In “The nest of the honeybee” in 1976, Tom Seeley describes a random alignment of the entrances in tree caves inhabited by bees. Unfortunately, he does not give data on the alignment of uninhabited tree caves in the region. It is therefore not possible to verify whether the bees prefer a certain direction for the entrances of their tree caves or not.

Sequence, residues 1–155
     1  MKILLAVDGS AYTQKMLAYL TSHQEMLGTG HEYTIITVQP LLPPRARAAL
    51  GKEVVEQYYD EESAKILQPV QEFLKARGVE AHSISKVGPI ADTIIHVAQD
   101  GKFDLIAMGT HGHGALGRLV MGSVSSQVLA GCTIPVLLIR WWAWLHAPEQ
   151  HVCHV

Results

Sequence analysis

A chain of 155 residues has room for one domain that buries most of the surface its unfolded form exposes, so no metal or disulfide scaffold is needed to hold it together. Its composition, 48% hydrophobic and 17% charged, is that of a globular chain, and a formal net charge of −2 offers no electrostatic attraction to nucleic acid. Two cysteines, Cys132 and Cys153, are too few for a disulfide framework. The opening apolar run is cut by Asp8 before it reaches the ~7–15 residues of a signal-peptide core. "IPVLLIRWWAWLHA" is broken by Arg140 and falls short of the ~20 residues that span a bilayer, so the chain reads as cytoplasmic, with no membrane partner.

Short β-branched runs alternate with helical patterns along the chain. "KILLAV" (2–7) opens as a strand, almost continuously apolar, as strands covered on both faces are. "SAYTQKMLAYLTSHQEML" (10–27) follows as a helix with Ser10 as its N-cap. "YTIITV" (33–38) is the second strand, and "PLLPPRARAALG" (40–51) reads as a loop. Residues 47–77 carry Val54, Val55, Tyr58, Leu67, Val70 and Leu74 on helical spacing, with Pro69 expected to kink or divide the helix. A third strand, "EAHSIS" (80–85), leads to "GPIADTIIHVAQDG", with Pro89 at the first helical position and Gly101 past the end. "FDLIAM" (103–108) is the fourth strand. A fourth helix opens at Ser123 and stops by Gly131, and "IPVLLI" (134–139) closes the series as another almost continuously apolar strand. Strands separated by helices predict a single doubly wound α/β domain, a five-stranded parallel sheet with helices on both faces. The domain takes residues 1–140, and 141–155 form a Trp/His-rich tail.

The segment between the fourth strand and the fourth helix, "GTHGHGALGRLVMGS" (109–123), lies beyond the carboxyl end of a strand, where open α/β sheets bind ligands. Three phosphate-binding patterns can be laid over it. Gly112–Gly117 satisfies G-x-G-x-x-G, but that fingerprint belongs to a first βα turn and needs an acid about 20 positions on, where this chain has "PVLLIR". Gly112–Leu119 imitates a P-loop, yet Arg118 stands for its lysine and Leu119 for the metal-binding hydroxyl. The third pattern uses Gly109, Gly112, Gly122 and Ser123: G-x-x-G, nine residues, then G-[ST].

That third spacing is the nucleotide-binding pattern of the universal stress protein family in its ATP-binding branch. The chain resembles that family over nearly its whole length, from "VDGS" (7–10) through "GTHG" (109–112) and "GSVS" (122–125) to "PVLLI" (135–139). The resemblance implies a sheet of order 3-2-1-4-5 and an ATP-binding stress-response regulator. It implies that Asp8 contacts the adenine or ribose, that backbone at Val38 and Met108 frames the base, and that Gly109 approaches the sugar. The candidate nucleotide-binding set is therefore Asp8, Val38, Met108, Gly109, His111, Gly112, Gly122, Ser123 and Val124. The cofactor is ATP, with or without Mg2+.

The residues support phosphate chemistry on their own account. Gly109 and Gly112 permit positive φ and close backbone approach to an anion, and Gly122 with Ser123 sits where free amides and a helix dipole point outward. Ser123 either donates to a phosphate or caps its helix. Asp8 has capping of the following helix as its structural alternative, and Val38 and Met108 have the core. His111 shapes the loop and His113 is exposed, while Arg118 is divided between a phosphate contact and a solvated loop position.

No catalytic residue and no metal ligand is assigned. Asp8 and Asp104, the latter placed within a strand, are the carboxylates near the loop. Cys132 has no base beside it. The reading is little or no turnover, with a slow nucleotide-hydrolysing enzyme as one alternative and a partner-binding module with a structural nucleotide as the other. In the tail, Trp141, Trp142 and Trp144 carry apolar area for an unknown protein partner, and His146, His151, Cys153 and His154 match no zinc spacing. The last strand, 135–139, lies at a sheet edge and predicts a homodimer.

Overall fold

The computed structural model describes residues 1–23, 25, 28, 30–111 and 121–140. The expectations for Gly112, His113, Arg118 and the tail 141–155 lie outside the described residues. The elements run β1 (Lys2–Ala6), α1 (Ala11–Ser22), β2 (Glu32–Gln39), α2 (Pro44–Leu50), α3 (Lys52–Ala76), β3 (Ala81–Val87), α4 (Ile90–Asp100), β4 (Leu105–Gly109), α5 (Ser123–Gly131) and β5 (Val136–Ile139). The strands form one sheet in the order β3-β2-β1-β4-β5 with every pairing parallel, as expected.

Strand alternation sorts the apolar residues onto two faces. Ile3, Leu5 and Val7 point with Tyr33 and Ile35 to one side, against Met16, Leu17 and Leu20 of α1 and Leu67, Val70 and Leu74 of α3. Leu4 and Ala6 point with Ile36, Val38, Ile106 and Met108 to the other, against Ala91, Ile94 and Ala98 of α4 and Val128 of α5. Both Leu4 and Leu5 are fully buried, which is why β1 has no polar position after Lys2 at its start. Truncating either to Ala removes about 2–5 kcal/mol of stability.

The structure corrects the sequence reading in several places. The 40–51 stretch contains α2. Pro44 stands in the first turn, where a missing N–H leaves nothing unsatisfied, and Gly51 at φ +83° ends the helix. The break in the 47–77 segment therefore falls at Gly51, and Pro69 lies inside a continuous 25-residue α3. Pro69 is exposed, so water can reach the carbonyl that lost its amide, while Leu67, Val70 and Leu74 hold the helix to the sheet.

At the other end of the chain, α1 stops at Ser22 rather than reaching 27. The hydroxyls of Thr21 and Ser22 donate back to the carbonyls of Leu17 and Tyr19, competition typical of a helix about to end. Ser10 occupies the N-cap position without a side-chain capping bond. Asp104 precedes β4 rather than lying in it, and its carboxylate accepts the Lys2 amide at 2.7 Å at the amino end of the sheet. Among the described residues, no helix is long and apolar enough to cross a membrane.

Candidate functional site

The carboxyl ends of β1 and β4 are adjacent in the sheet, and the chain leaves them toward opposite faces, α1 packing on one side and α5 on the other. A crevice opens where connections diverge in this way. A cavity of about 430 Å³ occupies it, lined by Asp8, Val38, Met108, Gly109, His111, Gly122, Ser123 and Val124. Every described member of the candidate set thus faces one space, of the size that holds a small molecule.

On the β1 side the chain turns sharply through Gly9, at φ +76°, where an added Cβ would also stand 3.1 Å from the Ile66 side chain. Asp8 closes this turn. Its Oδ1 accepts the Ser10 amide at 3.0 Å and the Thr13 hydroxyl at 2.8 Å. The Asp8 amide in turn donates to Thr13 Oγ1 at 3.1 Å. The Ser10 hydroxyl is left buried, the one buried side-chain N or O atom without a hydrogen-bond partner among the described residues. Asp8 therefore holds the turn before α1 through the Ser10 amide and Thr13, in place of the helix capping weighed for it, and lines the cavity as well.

Comparison with two studies of natural hollows in general in our latitudes suggests that its description is correct. In these studies, the orientations of all cave entrances are documented, irrespective of whether and by whom they are inhabited.
All three regions are situated in the western wind zone and have a similar climate. The percentage distribution of the cave entrances is almost the same in all three regions. Obviously, the bees do not prefer a certain orientation of the entrance hole.